By Olea Gough

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I think it’s safe to say that this year has started out as 2020 +1. It’s enough to lead anyone to feelings of anger.

I’m sure many of us hoped that when the clock struck midnight on January first all the hardships that
plagued us last year would disappear like Cinderella’s fancy dress and coach. At least for me, that did not
happen. I only pray that last year helped us grow in emotional resilience and we will be better able to handle the unexpected situations that are sure to be thrown at us.

As I have struggled with new frustrations, it is very easy to feel my disappointments and fears start to morph into the secondary emotion of anger. I have had plenty of time this month to consider why the Lord has commanded us to “refrain from anger.” Why He considers it a sin. My thoughts have taken me down an interesting path where I began to compare that command to instances in the scriptures where His own anger is spoken of. Some of those situations feel so similar to scenarios our current world seems to be duplicating.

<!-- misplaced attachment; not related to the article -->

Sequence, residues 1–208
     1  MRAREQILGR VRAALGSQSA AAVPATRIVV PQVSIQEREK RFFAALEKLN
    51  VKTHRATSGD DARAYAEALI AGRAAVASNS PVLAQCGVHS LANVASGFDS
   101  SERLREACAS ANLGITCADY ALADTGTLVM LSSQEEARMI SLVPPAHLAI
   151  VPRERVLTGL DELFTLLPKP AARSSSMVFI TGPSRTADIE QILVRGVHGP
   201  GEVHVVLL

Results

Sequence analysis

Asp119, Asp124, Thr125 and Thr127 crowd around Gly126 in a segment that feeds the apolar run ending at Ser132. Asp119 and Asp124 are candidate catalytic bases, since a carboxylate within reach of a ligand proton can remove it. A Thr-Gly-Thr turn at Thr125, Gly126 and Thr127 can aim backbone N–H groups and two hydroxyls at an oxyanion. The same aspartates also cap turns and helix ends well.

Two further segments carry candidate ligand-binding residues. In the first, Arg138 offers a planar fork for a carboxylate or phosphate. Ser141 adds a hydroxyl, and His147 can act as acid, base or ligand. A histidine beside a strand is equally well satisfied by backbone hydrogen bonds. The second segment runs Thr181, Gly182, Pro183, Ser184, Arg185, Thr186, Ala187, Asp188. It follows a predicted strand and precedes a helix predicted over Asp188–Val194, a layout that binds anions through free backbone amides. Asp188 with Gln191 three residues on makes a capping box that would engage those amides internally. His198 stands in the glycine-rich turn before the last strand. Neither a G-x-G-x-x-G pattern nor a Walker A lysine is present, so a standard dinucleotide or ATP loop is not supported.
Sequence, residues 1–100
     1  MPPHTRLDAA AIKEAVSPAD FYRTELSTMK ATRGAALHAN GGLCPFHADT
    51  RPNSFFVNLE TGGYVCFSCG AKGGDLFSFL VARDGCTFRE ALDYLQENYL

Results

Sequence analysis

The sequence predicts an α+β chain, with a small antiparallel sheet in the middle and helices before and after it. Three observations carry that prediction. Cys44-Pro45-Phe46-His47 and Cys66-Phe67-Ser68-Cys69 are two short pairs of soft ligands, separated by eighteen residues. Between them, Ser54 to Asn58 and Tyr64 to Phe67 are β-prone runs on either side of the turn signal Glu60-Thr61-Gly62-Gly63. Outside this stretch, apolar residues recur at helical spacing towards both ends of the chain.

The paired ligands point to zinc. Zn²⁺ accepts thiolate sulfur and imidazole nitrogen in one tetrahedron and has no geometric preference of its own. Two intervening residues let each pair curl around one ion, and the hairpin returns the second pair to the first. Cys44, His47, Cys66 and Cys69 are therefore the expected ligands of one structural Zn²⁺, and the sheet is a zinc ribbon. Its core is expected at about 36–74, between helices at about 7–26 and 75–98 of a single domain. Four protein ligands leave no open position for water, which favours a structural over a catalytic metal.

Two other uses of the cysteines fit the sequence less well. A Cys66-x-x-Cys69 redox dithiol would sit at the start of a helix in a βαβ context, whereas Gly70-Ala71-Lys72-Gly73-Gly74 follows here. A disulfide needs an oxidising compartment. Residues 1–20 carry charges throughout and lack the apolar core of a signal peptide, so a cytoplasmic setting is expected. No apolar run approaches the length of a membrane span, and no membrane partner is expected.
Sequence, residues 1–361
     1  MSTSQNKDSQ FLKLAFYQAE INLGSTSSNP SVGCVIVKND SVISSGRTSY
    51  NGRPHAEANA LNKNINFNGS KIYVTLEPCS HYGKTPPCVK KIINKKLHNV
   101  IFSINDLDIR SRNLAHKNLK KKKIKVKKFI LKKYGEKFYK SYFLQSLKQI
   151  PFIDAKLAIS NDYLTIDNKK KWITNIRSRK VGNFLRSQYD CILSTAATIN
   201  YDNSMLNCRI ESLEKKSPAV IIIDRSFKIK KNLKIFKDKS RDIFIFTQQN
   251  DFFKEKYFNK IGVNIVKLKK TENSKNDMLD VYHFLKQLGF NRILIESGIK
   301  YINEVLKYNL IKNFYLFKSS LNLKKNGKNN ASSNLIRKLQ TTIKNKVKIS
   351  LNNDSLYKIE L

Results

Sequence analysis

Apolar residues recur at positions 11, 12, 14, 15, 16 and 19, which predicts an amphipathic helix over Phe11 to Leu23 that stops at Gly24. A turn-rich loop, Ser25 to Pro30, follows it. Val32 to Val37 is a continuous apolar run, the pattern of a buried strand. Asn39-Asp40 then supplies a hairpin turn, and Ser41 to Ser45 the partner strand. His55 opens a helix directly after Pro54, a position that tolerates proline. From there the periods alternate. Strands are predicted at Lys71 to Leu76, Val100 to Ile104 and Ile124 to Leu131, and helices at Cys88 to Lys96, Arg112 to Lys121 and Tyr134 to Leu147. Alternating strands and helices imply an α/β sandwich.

So, what is the difference between our anger and God’s anger? I will share some of the thoughts that have settled in my heart as I have contemplated this question.

When I was younger, my mother taught us that anger is a secondary emotion. There is usually a different emotion that comes first, maybe